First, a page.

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Mayor George Stewart signed an agreement Monday allowing the city to tear down and sell Academy Square, but the historical building will not change much in appearance.

The agreement, which must still be ratified by the City Council, calls for the property to be sold to Georgetown Development for $765,000 plus demolition costs."From what I understand, the city will not lose any money on the deal," said Ted Dowling, administrative assistant of the council.

The agreement says the building will be torn down and the bricks will be maintained and stacked. With the same bricks, a combination office and condominium complex will be built with the same facade as the current structure.

Also, the beehive monument in front of the buildings will be restored. The condominiums will be luxury housing not designed for students.

Before the sale is final and demolition can begin, however, the city must first clear a hurdle with an historical easement on the property. Stewart believes the plan to rebuild some of the buildings will satisfy concerns of the Utah Historic Preservation Society. If not, the city will go to court and try to get the easement released using the abatement-of-dangerous-buildings provision in the building code.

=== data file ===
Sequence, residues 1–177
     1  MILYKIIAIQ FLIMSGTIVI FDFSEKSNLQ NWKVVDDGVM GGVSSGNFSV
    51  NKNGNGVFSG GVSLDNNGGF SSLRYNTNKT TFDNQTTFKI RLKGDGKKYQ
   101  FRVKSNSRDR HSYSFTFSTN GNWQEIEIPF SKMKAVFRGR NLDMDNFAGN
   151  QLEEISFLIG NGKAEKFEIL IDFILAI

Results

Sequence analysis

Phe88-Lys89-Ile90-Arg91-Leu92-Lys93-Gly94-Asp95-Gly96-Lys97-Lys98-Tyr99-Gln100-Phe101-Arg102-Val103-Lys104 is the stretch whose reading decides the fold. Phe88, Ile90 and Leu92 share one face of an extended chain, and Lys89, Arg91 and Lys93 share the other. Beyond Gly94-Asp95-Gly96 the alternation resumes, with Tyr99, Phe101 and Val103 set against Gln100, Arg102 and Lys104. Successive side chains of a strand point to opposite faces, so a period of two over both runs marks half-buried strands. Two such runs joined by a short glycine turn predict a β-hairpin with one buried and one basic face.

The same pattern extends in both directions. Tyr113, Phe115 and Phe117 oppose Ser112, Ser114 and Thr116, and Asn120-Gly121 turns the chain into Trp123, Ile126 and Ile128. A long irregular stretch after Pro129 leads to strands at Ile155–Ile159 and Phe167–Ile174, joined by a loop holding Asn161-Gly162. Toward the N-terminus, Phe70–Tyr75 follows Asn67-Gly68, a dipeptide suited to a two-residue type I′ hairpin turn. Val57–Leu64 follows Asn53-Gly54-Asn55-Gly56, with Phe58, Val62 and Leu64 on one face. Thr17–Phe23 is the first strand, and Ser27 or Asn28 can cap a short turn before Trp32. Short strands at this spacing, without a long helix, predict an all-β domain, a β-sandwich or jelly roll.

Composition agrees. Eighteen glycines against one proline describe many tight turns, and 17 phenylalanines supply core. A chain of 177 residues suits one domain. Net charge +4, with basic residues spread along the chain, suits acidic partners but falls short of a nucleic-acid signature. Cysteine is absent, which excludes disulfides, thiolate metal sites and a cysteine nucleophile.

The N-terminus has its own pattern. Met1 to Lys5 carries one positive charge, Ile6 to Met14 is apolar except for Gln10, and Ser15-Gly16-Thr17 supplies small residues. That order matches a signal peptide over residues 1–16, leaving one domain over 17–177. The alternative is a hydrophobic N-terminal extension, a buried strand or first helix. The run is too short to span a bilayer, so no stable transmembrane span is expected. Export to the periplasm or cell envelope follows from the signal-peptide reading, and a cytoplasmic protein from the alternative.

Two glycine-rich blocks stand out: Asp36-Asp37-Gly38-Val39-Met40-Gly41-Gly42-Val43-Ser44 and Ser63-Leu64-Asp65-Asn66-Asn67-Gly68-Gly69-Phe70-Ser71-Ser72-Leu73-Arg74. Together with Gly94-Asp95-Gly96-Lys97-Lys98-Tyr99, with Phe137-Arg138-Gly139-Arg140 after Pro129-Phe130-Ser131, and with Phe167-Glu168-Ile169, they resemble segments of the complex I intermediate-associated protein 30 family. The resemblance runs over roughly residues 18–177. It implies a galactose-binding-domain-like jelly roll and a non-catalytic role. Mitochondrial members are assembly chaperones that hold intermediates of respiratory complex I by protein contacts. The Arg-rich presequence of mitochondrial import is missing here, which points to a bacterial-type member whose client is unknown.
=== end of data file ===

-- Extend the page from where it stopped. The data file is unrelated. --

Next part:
If the easement is removed and the buildings are torn down, the final sales agreement will go before the council for approval.

"The mayor does not need the council's approval to tear the buildings down, but he does need its approval for the final sale," Dowling said.

If the sale is approved, the construction plans must be approved by the Planning Commission and then the council.

The city purchased Academy Square at a foreclosure sale in March for $715,000 in housing funds from Collier Heinz and Associates and Academy Square Land Associates, who foreclosed on a trust deed executed by the Community Service Foundation of Utah Valley. Earlier the city paid $50,000 in earnest money on the property. The city purchased the property because of safety and health concerns.

The mayor sent out letters seeking offers from developers to purchase the property. Stewart said the offer from Georgetown was the only serious offer that called for restoration of the main building's facade.

City workers hope to begin tearing down the buildings in the next few weeks.